For two years, Fletcher had battled to overcome ulcerative colitis, an extreme condition affecting the colon.
The Manchester United midfielder had already taken two breaks from the game in the hope of finding a way of managing the debilitating medical condition.
Nothing was working.
"I couldn't leave the house," he said.
"Simple stuff, like taking my kids to the park, going for a meal with my wife.
"The nature of the illness meant I just couldn't do it.
"There was the exhaustion side as well.
"I always believed one of the medications would work. Unfortunately that wasn't the case.
"Ultimately that was the reason I went for the operation."
Although Fletcher's surgeon was confident surgery would prove successful, the consequences of failure were laid bare.
For a 29-year-old sportsman, supposedly in the prime of a career that had already brought him four Premier League titles, an FA Cup and a couple of League Cups, it was a bleak prospect.
"There was a day in May when we said 'this is it'. Once I came out of that operation I would know whether it had worked or not.
"There were no guarantees. If the operation was not a success there was no way I would be able to play football and my everyday life would have been very difficult.
"It was very emotional. There was a lot of fear and anxiety.
"I put all my trust in the surgeon."
Liked and respected across the game, Fletcher relied upon the support of his wife Hayley and twin sons Jack and Tyler, plus the wider United community, including Sir Alex Ferguson.
There was clearly a life issue involved. But the drive to become a Premier League footballer once more was just as strong.
"I know people will say I should think about other things - and I was thinking about my children, my wife and family - but right there, right beside it was football," he said.
"I didn't want to give it up.
"I worked hard to be a professional footballer. I always have. I always kept that determination.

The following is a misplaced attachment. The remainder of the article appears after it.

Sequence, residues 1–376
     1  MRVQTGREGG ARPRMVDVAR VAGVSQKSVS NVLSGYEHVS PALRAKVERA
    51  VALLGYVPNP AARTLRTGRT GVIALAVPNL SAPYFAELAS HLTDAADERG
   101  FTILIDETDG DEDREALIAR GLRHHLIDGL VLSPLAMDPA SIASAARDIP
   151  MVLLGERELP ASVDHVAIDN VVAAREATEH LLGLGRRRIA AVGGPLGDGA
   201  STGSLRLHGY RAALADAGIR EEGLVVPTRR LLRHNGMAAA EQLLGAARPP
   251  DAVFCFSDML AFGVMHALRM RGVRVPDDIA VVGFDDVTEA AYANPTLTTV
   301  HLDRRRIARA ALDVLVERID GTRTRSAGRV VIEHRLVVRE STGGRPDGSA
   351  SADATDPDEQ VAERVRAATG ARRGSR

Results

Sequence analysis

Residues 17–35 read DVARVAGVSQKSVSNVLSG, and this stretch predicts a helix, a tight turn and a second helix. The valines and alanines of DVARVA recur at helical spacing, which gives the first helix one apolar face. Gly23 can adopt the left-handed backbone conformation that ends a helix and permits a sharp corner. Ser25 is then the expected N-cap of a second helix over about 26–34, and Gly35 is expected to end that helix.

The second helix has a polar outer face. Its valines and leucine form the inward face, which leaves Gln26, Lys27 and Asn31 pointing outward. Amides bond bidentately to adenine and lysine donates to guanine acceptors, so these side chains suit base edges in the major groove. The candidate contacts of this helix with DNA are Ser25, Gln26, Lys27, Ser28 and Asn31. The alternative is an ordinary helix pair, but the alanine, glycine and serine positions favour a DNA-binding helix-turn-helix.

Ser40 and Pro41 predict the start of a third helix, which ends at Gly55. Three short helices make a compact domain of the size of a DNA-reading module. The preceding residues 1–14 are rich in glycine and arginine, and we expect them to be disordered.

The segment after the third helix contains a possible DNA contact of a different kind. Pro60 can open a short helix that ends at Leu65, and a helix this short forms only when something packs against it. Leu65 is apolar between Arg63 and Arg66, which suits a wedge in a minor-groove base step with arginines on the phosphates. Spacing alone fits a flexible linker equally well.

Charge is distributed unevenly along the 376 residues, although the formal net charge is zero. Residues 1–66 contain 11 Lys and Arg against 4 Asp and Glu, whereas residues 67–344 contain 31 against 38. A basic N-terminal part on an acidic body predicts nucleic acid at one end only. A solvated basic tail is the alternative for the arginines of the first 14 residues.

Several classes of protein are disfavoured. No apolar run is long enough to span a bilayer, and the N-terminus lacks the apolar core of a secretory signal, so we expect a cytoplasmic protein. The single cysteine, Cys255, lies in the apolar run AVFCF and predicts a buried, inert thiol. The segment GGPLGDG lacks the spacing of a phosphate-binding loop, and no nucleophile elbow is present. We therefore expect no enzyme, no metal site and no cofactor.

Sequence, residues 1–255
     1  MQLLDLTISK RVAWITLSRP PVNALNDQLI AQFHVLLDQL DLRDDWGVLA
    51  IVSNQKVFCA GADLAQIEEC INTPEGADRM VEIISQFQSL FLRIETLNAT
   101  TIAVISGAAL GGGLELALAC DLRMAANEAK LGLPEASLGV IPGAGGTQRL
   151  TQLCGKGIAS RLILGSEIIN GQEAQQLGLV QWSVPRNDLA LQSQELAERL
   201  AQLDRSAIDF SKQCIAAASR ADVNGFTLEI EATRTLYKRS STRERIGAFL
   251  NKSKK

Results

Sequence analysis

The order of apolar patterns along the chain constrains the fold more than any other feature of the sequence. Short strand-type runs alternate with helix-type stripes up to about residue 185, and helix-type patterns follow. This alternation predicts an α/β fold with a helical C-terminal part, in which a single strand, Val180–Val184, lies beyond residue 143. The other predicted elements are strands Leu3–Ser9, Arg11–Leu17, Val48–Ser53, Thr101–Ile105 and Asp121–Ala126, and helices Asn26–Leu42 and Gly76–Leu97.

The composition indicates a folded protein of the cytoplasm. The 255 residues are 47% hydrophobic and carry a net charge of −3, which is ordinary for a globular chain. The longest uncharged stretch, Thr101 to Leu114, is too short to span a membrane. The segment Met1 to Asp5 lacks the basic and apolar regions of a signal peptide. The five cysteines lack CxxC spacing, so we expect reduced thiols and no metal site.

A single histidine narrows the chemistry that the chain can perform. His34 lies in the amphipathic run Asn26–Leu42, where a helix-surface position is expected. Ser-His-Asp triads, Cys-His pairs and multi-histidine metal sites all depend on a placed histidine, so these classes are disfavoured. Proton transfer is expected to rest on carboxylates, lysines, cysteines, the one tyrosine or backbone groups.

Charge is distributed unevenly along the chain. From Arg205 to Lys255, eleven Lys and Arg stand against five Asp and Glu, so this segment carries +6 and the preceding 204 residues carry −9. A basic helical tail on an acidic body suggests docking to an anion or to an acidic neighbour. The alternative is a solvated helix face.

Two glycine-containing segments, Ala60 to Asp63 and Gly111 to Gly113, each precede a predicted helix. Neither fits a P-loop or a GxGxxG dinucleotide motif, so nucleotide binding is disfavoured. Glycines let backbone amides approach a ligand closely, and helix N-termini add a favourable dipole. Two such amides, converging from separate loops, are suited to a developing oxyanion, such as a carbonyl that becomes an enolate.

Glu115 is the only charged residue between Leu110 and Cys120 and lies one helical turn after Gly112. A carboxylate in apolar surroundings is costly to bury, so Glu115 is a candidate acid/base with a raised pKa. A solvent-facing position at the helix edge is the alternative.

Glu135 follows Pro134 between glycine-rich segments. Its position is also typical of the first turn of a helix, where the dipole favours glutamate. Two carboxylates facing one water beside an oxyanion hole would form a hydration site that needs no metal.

"I was doing this operation, not just to have a quality of life but also to get back playing football."
Fletcher achieved his aim at Villa Park on Sunday, being introduced as a second-half substitute as United beat Aston Villa 3-0.
In the increasingly cynical and cut-throat world he inhabits, this was a genuine good news story, with even the home fans offering appreciative applause.
Yet Fletcher, typically, ignored the sheer bloody-mindedness and refusal to be beaten that has typified his return to health to heap the praise on one man.
"Professor Sagar is the reason I am standing here today," he said.
"I am back to normal. I do not have ulcerative colitis. I am back playing football in the Premier League. I am just like anyone else."
Fletcher does not want pity - and he certainly does not want to be eased back in.
"I don't want to take it easy. I've done enough of that," he said.
Instead he wants to be thrust into the white heat of lifting United out of their present strife.
"It is hard enough watching the lads win," he said.
"At least if they do that you enjoy the moments.
"It is a lot more difficult when we are not."
Yet a fully-functioning Fletcher is a major weapon for Moyes to have at his disposal given the criticism his midfield has received, unjustly, in the returning Scot's opinion.
"The midfield have been harshly done by," said Fletcher.
"As soon as we lose they get the blame which I think has been unfair.
"I just want to be back playing and showing the manager what I am capable of. What I have done in the past is in the past.
"We need to go on a winning run and put ourselves in a position where people are saying we are still there.
"I want to help us win matches to bring back the success we are used to."